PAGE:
For example, Dawkin's sent out this letter Americans trying to garner subscriptions to the magazine, Free Inquiry:
If you live in America, the chances are good that your next door neighbours believe the following: the Inventor of the laws of physics and Programmer of the DNA code decided to enter the uterus of a Jewish virgin, got himself born, then deliberately had himself tortured and executed because he couldn’t think of a better way to forgive the theft of an apple, committed at the instigation of a talking snake.
Philosopher Eric Reitan argues this characterization is vapid and hollow, missing the entire point of religion:
The great world religions aren’t about literal belief in stories you might read in a book of fairy tales. Instead, they’re primarily about promulgating a holistic worldview and way of life infused with the sense that there’s something beyond the empirical skin of the world, something deeply important with which we can forge a relationship. They teach us that when we do so, our lives will be richer and our characters better. At their root, the stories and teachings and injunctions of a religion aim to bring about a transformation in believers, one in which the believers’ lives are informed by a relational connection to an Ultimate Reality that transcends them.Reitan offers his quick theological snapshot, one offering deeper holistic meaning, and he concludes with a challenge to Dawkins, Hutchins, et al.:
That, put simply, is what religion is about. It’s not about believing that talking snakes or flying horses are real—even if, sometimes, the adherents to a religion insist they are. Even among those who believe that religious stories are historical facts and not just myths, there is also an affirmation that the story is more about theology than about history. The story is remembered because it means something.
The important question here isn’t whether some soulless, cartoonish version of religious faith can transform one’s life. The important question is whether there’s a way of being religious, a way of living one’s life as if there were a transcendent good beyond the empirical world, that actually bears rich fruits.
And so here is my challenge to Dawkins and other atheists who want to critique religion. Let’s set aside caricatures. If Dawkins wants to challenge religion, he should take on the soul-stirring versions of the Christian story rather than the mind-numbing ones, and show that these versions lack the transformative power that they promise.In a similar fashion, Salon reviews a book by Terry Eagleton, Reason, Faith, and Revolution, in which he defends religion from the New Athiests. Money quote:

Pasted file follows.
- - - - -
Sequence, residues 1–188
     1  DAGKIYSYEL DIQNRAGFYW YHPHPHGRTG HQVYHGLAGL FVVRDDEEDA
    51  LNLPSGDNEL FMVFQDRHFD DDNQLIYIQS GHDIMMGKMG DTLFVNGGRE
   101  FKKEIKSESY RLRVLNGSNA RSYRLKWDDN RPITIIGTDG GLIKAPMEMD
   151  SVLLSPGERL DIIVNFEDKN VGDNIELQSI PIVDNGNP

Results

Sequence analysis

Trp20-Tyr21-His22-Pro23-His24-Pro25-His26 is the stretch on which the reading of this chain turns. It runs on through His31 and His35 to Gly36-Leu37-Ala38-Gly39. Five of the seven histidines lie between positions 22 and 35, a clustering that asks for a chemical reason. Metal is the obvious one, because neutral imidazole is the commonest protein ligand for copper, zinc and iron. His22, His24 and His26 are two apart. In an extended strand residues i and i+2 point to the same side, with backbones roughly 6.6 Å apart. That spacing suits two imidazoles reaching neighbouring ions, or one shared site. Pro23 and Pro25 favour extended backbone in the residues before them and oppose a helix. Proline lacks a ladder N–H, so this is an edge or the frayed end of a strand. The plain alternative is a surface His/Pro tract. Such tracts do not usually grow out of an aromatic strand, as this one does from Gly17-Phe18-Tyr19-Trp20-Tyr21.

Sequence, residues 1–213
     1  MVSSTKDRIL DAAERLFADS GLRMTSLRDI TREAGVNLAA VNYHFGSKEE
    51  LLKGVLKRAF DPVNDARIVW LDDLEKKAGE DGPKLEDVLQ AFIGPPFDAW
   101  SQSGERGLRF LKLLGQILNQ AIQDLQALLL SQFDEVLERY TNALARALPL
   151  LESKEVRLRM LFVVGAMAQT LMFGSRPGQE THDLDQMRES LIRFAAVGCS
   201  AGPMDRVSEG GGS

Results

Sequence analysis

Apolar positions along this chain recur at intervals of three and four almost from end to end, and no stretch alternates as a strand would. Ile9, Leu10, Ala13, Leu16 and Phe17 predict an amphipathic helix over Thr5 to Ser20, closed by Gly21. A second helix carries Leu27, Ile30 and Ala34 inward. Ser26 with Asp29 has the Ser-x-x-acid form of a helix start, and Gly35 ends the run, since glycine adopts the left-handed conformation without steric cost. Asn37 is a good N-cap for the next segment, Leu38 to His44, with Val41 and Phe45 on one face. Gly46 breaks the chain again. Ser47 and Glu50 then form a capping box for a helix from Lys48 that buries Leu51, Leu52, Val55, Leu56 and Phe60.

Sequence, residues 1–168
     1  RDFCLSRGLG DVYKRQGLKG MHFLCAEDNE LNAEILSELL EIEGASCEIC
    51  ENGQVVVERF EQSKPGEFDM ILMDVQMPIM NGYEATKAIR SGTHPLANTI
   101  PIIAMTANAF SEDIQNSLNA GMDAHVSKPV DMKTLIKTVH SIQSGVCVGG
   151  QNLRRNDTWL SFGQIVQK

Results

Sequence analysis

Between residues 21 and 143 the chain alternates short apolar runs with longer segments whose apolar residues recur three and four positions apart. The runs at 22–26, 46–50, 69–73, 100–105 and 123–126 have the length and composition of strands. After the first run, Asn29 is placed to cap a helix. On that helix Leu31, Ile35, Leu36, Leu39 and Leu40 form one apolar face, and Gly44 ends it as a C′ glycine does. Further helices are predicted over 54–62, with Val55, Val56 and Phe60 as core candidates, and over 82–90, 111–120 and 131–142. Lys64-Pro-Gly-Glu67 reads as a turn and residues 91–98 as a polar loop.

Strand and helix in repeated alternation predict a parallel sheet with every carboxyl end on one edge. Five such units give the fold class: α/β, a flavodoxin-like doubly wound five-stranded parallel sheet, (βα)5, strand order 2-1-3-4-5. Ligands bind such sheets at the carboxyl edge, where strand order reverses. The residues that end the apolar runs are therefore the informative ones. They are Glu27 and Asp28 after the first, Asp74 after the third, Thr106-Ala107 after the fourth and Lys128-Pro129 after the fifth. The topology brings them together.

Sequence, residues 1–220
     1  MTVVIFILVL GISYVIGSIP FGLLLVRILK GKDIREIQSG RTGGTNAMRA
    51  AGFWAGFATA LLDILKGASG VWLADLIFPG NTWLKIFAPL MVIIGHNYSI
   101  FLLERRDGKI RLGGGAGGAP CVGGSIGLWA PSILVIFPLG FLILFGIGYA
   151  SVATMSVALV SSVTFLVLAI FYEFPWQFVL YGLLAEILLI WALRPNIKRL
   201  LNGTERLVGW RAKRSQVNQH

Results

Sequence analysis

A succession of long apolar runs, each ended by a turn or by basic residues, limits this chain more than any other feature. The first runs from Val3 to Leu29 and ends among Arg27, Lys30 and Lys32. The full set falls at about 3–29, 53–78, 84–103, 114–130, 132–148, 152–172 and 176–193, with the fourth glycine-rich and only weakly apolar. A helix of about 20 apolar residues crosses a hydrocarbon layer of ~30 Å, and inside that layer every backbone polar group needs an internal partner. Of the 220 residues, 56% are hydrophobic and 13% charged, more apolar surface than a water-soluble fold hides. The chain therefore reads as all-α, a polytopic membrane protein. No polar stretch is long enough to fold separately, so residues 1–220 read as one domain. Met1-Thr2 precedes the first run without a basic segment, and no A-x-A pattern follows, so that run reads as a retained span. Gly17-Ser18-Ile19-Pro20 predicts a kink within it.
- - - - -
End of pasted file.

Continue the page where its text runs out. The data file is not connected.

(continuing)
Or he should explain why the transformative potential of a religious narrative is not a good reason to choose to live as if it were true, even if such pragmatic assessment may be the only tool we have for evaluating beliefs about what transcends the empirical world.
Caricatures can be useful in calling attention to things we might not otherwise notice. But caricatures cease to be useful when they’re confused with the real thing; when the critic invites his audience to deride the real thing based on the absurdity of the caricature.
Atheists of the [Dawkins and Hitchens] persuasion have raised valid points about the sordid social and political history of religion, with which Eagleton largely agrees. Yet their arguments are fatally undermined by their own unacknowledged dogmas and doctrines, he goes on to say, and they completely fail to understand Christian faith (or any other kind) except in its stupidest and most literal-minded form.
A few years ago, I read an article by a Roman Catholic theologian who wryly observed that the quality of Western atheism had gone steadily downhill since Nietzsche. Eagleton heartily concurs. He freely admits that what Christian doctrine teaches about the universe and the fate of man may not be true, or even plausible. But as he then puts it, "Critics of the most enduring form of popular culture in human history have a moral obligation to confront that case at its most persuasive, rather than grabbing themselves a victory on the cheap by savaging it as so much garbage and gobbledygook."
To me, its not that theologians are upset with the New Atheists for espousing atheistic beliefs, its that their assault-style arguements of religion are elementary and entirely off-base. I'm glad theologians are reclaiming their voices and defending religion from this logic.